Defective List Colorings

A k-list assignment L gives a set of  k colors available at each vertex. An L-coloring selects a color from each vertex's list so that adjacent vertices receive different colors. A graph is k-choosable if every k-list assignment has such a coloring.

A graph H is a minor of G if we can form H from G by a sequence of edge deletions, edge contractions, and the deletion of isolated vertices. Hadwiger's Conjecture asserts that if G does not contain a K_{k+1} minor, then G is k-colorable. The analogous conjecture is false for list colorings since there exist planar graphs that are not 4-choosable. Gravier [G] has shown that forbidding complete bipartite minors might play a similar role for list colorings. This leads to the following two conjectures from [W] (the first is strictly weaker than Hadwiger's Conjecture).

Conjecture: Every K_{r,s}-minor-free graph is (r+s-1) colorable.

Conjecture: Every K_{r,s}-minor-free graph is (r+s-1) choosable.

The defect, d, of a non-proper coloring is the maximum degree in the subgraphs of fixed colors. In other words, a coloring has defect d if no vertex is adjacent to greater than d other vertices of the same color. Hence having defect 0 is equivalent to a proper coloring. Combining the previous two concepts, we say that a graph is (k,d)-choosable if every k-list function has a list coloring of defect d. The following are analogues of the previous conjectures for defective colorings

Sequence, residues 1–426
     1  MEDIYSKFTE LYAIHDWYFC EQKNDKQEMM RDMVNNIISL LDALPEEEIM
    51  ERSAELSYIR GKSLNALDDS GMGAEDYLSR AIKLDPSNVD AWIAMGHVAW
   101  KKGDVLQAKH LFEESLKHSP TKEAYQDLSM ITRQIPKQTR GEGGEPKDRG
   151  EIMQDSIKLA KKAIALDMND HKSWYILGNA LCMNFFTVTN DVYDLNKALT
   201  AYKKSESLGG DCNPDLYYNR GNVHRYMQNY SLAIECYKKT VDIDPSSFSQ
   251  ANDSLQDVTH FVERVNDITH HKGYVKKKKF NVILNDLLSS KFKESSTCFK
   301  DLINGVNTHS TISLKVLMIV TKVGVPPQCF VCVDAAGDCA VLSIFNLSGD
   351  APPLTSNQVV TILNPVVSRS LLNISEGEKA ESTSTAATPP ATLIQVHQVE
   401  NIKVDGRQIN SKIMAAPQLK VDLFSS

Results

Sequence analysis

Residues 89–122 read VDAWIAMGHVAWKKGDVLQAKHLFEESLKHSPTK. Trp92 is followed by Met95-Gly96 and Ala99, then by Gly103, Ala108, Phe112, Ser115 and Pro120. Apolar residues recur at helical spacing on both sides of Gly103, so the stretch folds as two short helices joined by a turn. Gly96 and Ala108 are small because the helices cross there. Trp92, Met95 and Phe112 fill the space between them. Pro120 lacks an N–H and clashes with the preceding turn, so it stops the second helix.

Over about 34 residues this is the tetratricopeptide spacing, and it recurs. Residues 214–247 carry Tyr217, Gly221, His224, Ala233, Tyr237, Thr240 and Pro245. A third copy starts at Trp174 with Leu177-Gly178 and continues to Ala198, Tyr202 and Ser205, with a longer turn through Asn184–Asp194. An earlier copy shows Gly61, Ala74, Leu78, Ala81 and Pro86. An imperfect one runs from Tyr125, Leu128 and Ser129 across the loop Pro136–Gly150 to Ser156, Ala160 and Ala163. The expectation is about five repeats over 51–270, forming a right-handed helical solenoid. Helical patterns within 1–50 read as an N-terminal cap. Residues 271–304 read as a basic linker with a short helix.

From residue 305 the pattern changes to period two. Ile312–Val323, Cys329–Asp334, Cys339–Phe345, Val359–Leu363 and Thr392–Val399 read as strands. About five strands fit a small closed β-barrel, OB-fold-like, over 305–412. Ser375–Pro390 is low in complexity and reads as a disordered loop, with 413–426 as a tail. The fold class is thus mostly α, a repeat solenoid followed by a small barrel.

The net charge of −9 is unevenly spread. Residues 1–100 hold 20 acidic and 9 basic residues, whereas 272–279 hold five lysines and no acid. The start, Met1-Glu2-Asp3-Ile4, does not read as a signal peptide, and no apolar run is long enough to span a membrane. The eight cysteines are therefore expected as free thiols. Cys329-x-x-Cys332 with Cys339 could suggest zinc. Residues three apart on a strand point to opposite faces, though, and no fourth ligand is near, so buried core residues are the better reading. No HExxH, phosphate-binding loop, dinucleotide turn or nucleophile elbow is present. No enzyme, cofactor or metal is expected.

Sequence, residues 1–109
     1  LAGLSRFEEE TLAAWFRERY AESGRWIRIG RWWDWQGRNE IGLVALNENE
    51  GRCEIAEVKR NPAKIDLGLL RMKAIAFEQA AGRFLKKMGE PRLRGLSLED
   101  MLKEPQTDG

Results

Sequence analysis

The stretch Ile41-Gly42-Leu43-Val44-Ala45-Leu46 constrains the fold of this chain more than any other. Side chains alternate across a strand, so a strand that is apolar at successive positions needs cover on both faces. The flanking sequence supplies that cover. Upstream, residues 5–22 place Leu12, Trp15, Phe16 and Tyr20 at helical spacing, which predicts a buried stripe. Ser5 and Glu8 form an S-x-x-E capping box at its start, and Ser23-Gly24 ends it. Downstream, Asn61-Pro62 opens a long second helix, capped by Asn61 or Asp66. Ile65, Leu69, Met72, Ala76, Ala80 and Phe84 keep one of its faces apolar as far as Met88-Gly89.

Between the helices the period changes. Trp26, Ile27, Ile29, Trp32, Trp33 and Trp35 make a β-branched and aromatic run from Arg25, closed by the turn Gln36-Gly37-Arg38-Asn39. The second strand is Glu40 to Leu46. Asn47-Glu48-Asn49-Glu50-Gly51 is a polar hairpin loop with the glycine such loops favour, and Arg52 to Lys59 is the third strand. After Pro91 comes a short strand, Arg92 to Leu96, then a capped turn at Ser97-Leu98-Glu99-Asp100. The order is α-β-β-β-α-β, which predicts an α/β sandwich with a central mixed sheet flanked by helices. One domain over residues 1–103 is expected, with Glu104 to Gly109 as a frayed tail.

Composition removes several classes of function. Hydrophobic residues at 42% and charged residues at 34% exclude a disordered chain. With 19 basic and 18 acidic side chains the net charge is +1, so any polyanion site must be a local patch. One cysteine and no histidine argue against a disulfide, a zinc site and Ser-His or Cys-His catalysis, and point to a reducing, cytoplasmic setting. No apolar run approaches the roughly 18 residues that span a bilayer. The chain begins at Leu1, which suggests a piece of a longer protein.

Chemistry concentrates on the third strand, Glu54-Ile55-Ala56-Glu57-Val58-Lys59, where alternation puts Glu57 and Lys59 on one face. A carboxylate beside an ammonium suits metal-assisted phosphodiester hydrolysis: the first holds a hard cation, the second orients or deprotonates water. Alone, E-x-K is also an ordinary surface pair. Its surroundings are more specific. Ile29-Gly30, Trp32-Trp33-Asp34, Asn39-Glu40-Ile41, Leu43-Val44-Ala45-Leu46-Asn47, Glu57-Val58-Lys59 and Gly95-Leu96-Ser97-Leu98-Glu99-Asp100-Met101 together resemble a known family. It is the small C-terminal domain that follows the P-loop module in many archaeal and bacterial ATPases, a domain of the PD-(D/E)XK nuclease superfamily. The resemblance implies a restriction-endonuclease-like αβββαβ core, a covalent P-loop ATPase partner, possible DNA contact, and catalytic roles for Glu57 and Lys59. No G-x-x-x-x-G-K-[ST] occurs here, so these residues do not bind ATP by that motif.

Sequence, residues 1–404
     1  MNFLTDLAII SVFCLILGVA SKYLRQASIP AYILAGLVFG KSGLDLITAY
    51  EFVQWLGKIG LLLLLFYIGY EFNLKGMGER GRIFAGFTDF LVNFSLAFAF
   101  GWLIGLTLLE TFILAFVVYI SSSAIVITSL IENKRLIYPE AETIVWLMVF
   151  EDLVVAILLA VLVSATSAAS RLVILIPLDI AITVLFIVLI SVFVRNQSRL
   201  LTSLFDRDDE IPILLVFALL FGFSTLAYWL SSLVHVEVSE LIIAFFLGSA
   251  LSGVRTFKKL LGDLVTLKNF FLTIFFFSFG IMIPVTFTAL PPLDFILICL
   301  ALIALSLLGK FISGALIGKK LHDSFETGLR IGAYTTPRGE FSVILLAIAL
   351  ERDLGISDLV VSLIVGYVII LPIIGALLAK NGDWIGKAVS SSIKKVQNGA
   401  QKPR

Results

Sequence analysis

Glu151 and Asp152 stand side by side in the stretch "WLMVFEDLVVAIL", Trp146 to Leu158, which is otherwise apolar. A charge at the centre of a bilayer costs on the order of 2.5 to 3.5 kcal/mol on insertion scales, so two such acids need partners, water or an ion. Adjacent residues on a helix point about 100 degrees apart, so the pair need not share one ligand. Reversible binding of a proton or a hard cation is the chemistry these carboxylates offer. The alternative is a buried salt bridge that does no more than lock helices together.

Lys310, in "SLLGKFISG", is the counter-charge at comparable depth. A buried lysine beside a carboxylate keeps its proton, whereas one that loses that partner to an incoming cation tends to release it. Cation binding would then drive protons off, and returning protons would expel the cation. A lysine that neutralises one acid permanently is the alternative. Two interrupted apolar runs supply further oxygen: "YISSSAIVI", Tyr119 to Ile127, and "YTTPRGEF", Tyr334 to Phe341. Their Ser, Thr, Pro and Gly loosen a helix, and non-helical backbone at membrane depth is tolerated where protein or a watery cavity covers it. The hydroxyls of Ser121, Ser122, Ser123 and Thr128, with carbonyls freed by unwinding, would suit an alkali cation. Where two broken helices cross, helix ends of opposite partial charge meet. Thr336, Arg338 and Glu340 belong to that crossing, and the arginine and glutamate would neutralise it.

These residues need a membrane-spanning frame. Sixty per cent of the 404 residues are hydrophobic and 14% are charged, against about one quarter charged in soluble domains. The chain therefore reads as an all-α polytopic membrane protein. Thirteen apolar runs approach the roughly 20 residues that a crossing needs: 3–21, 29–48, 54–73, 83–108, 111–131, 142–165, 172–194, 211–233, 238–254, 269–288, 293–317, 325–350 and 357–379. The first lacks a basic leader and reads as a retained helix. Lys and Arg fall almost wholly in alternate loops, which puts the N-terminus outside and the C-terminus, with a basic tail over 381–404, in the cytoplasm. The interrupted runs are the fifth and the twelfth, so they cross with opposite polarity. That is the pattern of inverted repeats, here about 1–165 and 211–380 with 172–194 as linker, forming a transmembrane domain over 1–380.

Conjecture: Every K_{r,s}-minor-free graph is (r+s-1-d,d) colorable for every d at most s-1.

Conjecture: Every K_{r,s}-minor-free graph is (r+s-1-d,d) choosable for every d at most s-1.

A very good survey on list colorings is given by Woodall [W]. In particular, he proves these four conjectures when r is at most 2.


[G] S. Gravier, A Hajos-like theorem for list coloring, Discrete Math. 152 (1996) 299-302.

[W] D.R. Woodall, List colourings of graphs, 269-301

Submitted by: Dan Archdeacon, Dept. of Math. and Stat., University of Vermont, Burlington, VT 05401-1455 USA

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November, 2003